Revealed: The true impact of Universal Credit on the rental market
9 Jan 2018 10:51 AM
AS Members of Parliament prepare to debate the impact of Universal Credit on the private rented sector, research finds that 73 per cent of landlords still lack confidence in renting to tenants on the Credit due to uncertainty that they will be able to recover rent arrears.
The Residential Landlords Association (RLA) today reveals the stories behind the statistics to take a look at the true impact of the Government’s flagship welfare policy on tenants and landlords, highlighting the need for further reforms to the way the Credit is delivered.
Brandon Taylor from Lowestoft provides homes to rent to around 130 Universal Credit claimants, of which 70 per cent are struggling to pay their rent in full and on time. In one extreme case, a tenant who was on Universal Credit accrued £2,848 in rent arrears. Where tenants accrue 2 months or more of rent arrears, landlords can apply for payments to be made directly to them, known as Alternative Payment Arrangements. When he has applied for this, Brandon has found requests to the Department for Work and Pensions have been ignored. Brandon warns that landlord confidence in Universal Credit has been damaged and that it will take years to regain that confidence back.
Linda Hazelwood, a landlord in the West Midlands, has told the RLA of a tenant in receipt of Universal Credit who she rents to in Halesown. The tenant is a young single mother who has just had another baby. Having been a tenant for at least five years, she now owes her landlord over £1000 in rent. Linda says that the tenant does not want to be in arrears, but cannot afford to pay the rent on time. Another tenant of Linda’s in receipt of the Credit has accrued £900 of arrears. Expressing her frustrations about the system, she has warned that it is not doing enough to support those tenants, especially the vulnerable, who do not have access to computers in order to process and manage Universal Credit payments.
Sue Thompson and her husband Phil rent properties out across the North East of England, 90 per cent of her tenants are in receipt of benefits, many of whom are in receipt of Universal Credit. She has noted that although the Government has slightly reduced the time between applying and receiving Universal Credit, paying tenants in arrears means that many are forced to “beg, steal or borrow” to keep going. She warns that in such cases a tenants’ first payment is then swallowed up by repaying those debts often with high levels of interest or late fees with the vicious cycle of rent arrears starting all over again.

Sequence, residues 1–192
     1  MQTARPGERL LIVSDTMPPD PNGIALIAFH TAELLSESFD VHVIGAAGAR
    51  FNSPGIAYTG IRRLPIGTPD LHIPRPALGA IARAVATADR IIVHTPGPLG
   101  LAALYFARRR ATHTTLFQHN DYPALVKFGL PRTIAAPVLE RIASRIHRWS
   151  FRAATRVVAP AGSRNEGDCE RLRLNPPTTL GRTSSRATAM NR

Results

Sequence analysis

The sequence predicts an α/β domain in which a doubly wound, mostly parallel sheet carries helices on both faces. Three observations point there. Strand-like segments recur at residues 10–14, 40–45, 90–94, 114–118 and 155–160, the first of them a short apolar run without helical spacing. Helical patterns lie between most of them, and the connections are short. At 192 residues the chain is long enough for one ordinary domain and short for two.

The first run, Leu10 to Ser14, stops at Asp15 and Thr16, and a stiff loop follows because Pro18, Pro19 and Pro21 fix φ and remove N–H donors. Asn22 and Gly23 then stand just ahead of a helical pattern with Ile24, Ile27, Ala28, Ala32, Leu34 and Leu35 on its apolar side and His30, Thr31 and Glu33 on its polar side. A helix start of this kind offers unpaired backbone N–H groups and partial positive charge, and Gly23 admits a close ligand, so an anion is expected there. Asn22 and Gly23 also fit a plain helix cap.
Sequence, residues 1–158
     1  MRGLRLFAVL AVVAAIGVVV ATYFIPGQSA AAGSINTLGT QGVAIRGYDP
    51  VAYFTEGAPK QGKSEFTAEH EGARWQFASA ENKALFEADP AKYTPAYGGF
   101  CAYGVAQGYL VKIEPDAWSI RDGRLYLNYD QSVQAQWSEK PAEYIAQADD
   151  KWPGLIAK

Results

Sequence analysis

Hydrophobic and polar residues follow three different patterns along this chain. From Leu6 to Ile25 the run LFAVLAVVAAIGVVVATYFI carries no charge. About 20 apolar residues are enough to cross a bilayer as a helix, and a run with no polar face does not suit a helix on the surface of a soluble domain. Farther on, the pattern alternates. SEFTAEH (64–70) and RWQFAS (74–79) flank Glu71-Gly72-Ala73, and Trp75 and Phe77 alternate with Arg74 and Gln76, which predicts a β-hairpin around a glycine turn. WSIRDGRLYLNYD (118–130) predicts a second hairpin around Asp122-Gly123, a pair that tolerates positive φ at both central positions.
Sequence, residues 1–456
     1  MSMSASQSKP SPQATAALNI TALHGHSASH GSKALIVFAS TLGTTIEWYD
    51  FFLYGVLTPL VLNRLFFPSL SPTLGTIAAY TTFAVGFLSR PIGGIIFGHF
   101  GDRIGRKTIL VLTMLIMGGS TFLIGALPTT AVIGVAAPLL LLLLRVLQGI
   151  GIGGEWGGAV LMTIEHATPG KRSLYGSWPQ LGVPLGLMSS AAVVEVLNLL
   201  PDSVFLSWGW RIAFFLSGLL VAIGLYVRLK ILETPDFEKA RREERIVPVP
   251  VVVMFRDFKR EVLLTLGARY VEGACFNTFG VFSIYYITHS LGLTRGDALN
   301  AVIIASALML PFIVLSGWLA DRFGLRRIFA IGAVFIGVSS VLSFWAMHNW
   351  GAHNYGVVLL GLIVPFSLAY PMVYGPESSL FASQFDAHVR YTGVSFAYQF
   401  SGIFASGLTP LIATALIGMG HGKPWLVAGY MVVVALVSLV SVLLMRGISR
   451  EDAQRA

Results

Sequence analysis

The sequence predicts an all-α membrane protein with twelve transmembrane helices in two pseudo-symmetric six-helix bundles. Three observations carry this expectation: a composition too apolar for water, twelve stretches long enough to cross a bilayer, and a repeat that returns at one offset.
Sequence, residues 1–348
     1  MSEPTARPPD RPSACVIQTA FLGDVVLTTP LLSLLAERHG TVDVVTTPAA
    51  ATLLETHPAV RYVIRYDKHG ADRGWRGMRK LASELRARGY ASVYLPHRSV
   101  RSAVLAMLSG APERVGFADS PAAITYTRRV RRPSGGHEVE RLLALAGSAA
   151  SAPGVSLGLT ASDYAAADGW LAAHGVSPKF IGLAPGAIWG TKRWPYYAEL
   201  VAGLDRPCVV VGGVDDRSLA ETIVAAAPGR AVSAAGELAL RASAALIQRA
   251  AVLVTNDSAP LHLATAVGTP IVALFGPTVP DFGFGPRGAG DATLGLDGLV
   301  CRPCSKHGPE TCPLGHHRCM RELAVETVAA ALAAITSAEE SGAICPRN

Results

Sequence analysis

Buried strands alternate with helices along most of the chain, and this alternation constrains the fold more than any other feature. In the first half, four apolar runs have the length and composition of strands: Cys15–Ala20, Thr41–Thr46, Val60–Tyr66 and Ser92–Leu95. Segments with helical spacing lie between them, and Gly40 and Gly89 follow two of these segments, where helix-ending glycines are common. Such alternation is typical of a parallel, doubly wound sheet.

The stories come as the Liberal Democrat’s Work and Pensions Spokesperson, Stephen Lloyd MP, today initiates a debate in Parliament on the impact of Universal Credit on the private rented sector.
The RLA is making a number of proposals which would improve the delivery of Universal Credit for both tenants and landlords.
These include ensuring private landlords are routinely informed when a tenant moves from the older benefit system to Universal Credit to help them to establish suitable rent payment schedules with tenants.
Mechanisms need to be put in place to give landlords confidence that rent arrears can be reclaimed after a Universal Credit tenant leaves a property.
Tenants should also be given the option to choose to have the housing element of Universal Credit paid directly to the landlord, if they wish.
RLA Vice Chair, Chris Town, said: “We welcome today’s debate and hope that MPs from all parties will agree that a few pragmatic changes to the way Universal Credit is delivered will lead to considerable improvements for both tenants and landlords.
“The RLA will continue to work with all sides to secure the benefit system we all want – one that is easy to understand, fair to all, supports the vulnerable and ensures the security of a home for all claimants.”
Department for Work and Pensions